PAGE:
Defending Dwight Howard

The Cavs have a tough choice in this series. Do they try to stop Dwight Howard, or do they try to stop the Magic’s three-point shooters. It’s a tough choice, and Terry Pluto breaks down the “stop-Howard” approach.

Yes, the 3-pointer at the buzzer by LeBron James (and his 35 points) decided this game. But did you notice Dwight Howard had only two points after the first quarter? Or only 10 for night? Howard was still a factor with 18 rebounds, but not close to 30-point force that he was in the opener. That’s because the Cavs entirely changed their defensive approach, giving Zydrunas Ilgauskas plenty of help — and the Cavs center also being more active. Or how about this? Ilgauskas outscored Howard, 12-10. He was close in rebounding, the 18-15 edge to Howard. So much better than the opener when Howard outscored Ilgauskas, 30-10.

In the first game, the Cavs’ film study revealed that there were five to seven plays where Dwight Howard was within a few feet of the basket and a Cavalier was nearby and could have fouled him — but didn’t. In Game 1, Howard took only two free throws (made both) and scored 30 points. In Game 2, the Cavs doubled-teamed Howard from different directions, everyone from Delonte West to Anderson Varejao to LeBron James helping Ilgauskas with double teams. The Cavs outscored Orlando by five points when Howard was on the floor.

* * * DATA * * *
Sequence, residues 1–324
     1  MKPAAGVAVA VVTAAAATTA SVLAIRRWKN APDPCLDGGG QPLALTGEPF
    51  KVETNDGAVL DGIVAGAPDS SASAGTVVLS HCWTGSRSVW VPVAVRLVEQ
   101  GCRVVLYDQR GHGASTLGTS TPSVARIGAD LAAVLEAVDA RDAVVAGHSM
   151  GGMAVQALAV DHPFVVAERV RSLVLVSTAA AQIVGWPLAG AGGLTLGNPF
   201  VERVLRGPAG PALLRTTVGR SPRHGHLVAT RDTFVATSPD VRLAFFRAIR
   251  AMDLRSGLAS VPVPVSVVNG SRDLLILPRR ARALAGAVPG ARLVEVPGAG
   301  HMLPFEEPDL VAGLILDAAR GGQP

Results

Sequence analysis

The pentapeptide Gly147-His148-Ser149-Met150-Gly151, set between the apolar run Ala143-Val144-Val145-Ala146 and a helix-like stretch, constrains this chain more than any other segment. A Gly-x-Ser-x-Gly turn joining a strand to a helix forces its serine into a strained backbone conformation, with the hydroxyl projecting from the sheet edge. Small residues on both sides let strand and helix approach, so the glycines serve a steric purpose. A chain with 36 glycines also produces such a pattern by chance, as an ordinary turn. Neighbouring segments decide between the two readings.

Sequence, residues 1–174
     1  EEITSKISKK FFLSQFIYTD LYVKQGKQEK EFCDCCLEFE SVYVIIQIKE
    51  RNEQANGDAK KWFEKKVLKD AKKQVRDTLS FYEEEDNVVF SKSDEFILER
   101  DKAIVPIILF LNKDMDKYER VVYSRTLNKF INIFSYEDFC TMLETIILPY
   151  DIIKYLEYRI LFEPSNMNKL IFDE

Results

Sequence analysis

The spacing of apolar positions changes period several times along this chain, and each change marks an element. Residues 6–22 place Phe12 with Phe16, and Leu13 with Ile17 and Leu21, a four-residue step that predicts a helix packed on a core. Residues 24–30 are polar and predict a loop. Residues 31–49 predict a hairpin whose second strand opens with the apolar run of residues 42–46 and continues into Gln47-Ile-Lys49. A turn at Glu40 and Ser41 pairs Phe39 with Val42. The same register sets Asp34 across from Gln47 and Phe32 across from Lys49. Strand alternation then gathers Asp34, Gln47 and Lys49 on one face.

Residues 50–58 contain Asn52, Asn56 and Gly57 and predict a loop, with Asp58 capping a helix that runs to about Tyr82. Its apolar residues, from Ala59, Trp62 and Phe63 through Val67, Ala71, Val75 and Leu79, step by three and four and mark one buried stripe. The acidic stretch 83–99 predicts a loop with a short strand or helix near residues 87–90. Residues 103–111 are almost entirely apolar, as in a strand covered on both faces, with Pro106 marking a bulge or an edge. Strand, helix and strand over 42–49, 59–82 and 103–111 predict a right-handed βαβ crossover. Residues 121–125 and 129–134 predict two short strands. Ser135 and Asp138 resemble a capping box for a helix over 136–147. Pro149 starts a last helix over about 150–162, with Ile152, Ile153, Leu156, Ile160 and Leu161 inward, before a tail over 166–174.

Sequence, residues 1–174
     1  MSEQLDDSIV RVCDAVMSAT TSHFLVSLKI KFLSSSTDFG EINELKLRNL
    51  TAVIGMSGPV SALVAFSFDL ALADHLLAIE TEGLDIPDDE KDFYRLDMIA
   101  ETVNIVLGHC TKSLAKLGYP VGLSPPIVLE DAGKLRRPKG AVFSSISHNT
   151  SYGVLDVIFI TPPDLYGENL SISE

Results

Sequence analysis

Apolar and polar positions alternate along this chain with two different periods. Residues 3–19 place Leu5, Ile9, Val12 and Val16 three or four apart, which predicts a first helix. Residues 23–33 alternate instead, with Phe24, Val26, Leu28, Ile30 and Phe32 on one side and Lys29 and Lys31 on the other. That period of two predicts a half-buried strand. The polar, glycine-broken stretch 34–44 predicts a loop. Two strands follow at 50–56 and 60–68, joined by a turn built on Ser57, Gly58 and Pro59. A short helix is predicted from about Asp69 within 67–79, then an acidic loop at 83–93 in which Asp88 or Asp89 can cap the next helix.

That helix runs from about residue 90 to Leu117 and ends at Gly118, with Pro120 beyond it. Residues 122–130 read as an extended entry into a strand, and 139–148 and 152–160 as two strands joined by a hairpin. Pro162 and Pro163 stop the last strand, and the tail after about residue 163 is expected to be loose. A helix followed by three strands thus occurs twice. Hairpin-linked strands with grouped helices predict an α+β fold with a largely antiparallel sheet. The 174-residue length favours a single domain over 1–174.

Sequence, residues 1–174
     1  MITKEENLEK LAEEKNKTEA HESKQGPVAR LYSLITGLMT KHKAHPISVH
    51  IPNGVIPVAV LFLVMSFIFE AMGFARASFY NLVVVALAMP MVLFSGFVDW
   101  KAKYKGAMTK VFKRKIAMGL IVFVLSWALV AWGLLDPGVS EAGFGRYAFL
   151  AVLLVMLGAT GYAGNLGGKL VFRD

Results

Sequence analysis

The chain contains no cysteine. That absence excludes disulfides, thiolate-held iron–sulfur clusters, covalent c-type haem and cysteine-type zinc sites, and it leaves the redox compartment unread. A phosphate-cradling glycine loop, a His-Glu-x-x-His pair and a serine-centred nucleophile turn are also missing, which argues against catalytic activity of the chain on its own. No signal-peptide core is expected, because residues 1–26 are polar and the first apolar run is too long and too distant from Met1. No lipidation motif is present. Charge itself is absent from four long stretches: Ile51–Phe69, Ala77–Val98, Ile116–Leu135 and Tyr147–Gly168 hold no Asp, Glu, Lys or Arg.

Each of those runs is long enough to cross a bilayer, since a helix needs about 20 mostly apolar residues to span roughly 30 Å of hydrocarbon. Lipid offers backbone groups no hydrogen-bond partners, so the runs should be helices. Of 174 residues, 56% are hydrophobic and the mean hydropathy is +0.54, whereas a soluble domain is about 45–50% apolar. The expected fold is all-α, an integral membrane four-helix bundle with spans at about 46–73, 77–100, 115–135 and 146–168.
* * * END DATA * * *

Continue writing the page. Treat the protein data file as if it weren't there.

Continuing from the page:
In the playoffs, 46 of Howard’s 103 field goals are dunks, yet another reason to send him to the foul line. When a player lacks confidence from the line and begins to miss free throws, it can make him a bit timid on offense — because he doesn’t want to be fouled. Ben Wallace also was an asset on defense; he did a nice job pushing Howard away from the basket. Even better for the Cavs, they won the rebounding battle, 38-30.

They should stick with this strategy, but they need to find an answer for the Magic shooters when Howard if off the court.

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